So in 2003, ROVA set out to do it again, but with a new arrangement that incorporates the latest trends in contemporary music ensembles. In the version that was recorded by KFJC & released as the Electric Ascension CD, Robinson is still on drums & Chris Brown is still involved, now on electronics. The string section – Kihlstedt & Scheinman – is the same as played at I-House on Saturday. And you will find Nels Cline still on guitar. On the recorded version, however, Fred Frith handles the bass, Otomo Yoshilhide the turntables & Ikue Mori operates the drum machines in lieu of an accordion. The CD is superb, but you will need great speakers and a lot of volume to get even a remote sense of what we heard at I-House.

This is where the question of live vs. recorded music, especially in a genre with a lot of improvisation, becomes especially acute. Two of the musicians on Saturday – Rosenfeld on turn tables & Cyrille on drums – were tackling the composition for the very first time. Others have been there for each of its nine or ten performances to date. In any event, the transformation into a new arrangement with new instruments removes any impulse toward literal recreation: the most you get are the reiteration of certain key themes, particularly at the beginning & end. As the piece evolves – there are a remarkable number of potential combinations to consider, tho the final project is actually spare in terms of the number it deploys – some remarkable moments & explorations occur – the high point Saturday (for me at least) was the violin duet between Kihlstedt & Scheinman, who’ve collaborated on more than a few projects together since they first met at Oberlin – it was both a collaboration &, it felt, a contest almost in the rap challenge or “doing the dozens” sense.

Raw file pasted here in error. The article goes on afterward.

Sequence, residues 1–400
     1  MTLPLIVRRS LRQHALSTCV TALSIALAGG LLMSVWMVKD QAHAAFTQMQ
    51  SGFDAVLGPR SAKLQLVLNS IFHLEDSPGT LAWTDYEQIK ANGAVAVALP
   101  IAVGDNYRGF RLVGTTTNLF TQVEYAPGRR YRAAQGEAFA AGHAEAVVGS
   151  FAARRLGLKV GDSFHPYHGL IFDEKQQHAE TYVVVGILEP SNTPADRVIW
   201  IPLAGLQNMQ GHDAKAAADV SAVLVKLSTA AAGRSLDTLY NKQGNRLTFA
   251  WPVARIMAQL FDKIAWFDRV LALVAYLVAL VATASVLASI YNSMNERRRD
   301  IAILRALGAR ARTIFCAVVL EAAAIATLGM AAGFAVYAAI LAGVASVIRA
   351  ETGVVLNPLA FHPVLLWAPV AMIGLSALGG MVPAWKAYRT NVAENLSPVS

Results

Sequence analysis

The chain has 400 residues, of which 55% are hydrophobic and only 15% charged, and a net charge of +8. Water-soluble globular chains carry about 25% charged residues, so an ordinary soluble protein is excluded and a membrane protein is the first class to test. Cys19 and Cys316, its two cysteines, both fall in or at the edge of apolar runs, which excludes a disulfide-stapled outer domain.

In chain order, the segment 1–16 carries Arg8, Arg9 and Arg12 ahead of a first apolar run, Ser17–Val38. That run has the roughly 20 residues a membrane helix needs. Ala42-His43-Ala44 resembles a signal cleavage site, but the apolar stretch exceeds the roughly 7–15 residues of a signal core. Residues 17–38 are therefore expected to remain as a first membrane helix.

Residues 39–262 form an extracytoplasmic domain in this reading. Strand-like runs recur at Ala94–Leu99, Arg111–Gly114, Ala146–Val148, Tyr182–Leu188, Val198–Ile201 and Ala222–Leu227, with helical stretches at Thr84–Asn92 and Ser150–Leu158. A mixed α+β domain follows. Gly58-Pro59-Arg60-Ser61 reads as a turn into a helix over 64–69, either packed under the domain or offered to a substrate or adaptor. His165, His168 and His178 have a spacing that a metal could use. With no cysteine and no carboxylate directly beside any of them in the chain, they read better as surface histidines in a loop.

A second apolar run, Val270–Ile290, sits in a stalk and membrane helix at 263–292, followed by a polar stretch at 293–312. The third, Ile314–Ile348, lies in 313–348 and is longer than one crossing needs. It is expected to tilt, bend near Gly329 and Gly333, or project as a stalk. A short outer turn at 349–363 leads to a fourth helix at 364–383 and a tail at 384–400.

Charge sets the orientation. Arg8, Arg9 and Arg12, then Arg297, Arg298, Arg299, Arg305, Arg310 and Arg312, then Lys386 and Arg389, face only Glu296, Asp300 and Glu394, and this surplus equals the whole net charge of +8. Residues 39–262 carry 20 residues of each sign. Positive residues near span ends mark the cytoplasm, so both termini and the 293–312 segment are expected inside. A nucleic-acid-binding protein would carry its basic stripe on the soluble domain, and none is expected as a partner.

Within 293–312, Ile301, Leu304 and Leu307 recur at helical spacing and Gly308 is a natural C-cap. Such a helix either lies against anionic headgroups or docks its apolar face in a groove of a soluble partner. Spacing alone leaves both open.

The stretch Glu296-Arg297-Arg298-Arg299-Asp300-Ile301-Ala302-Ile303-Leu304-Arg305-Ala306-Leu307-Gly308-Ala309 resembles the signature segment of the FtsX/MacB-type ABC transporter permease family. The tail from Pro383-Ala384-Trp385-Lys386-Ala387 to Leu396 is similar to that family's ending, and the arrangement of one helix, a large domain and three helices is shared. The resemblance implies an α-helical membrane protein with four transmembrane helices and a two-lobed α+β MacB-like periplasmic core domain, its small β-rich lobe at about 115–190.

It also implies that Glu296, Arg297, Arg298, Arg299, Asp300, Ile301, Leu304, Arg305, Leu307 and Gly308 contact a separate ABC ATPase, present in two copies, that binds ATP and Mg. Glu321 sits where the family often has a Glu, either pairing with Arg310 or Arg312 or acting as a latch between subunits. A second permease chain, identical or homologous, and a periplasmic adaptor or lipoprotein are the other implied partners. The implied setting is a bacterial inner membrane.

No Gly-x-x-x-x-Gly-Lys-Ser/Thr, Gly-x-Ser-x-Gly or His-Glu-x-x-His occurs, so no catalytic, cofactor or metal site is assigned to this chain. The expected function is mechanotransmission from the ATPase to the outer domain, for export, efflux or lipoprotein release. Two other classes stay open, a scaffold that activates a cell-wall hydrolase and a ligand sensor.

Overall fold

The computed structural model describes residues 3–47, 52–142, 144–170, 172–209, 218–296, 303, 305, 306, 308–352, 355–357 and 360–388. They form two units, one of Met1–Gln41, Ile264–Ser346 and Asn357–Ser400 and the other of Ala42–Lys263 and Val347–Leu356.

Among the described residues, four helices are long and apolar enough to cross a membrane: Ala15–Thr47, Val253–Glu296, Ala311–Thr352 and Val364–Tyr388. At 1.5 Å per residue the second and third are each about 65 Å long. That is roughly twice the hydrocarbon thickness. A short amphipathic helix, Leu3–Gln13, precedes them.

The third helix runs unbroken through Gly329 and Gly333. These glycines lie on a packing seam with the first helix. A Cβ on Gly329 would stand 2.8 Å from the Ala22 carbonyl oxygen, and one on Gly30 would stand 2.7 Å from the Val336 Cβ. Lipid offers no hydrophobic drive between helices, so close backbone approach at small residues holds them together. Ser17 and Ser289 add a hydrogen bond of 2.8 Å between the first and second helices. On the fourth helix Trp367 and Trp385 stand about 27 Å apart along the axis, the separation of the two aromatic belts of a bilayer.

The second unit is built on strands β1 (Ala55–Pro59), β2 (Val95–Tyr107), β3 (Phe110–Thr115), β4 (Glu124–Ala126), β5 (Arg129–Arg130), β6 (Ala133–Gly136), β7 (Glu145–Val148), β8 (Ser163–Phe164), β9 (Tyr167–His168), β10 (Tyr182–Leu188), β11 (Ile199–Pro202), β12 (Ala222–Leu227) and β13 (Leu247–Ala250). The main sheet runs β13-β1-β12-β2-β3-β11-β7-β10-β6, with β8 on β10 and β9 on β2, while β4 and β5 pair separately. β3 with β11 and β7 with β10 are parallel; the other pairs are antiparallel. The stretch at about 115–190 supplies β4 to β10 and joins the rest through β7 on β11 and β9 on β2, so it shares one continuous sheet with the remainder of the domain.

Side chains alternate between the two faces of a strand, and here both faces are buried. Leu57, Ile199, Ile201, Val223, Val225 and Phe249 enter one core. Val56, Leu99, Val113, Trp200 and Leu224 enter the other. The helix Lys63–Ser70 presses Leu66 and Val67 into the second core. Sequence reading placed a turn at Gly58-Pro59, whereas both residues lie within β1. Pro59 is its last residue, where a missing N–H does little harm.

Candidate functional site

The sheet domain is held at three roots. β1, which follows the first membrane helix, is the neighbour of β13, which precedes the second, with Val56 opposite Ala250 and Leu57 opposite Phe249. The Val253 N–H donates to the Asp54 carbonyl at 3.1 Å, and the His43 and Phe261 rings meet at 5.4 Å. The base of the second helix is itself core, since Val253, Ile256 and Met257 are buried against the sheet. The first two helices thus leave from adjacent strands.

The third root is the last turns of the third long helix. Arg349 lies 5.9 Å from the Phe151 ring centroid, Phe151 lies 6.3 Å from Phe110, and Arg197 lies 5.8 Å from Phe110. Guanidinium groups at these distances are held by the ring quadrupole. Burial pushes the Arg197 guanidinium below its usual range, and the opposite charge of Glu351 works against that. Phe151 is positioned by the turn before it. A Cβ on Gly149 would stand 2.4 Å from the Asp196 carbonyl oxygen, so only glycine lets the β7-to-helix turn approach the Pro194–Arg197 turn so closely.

My program has notes scribbled over it describing my sense of the feeling of the overall project during the course of the 60-plus minutes that the Orkestrova takes to work its way through Coltrane’s 40-minute map: wall → ocean → forest → cathedral. Each, it occurs to me in retrospect, represents a stage of increasing involvement & differentiation, from the impenetrability of the initial wall through the dive into to the overallness of the ocean to some individuation of details (literally the trees within the forest) to, finally, a resonant & remarkably symmetrical sense of architectural form.

The was the first time in the non-quite-twelve years that I’ve lived in Philadelphia that ROVA has played here, and it occurred to me that one of the things I miss most about not living in the Bay Area is not being able to hear this group two or three times each year. There are early sections of The Alphabet, Blue in particular, that were written almost entirely either at live jazz events in San Francisco (especially the large free jam sessions at Pangaea on Bernal Heights that often would involve two or three members of ROVA’s original lineup, plus others such as John Gruntfest). Although the expansion of distribution, from houses like the Jazz Loft or the Downtown Music Gallery (which is just up the street from the Bowery Poetry Club in Manhattan), has improved greatly in recent years, Saturday’s event reminded me no amount of CDs or downloadable MP3s can replace the three-dimension experience of literally being in the music at a live performance, especially one that has as many ideas, as densely & intensely packed, as this one. So here’s to the Ars Nova Workshop, who sponsored the ROVA Orkestrova last Saturday, and which has been a fabulous addition to our local music ecology. Mark Christman, the secret sauce of the Ars Nova project, has been doing a great job. Thank you, Mark!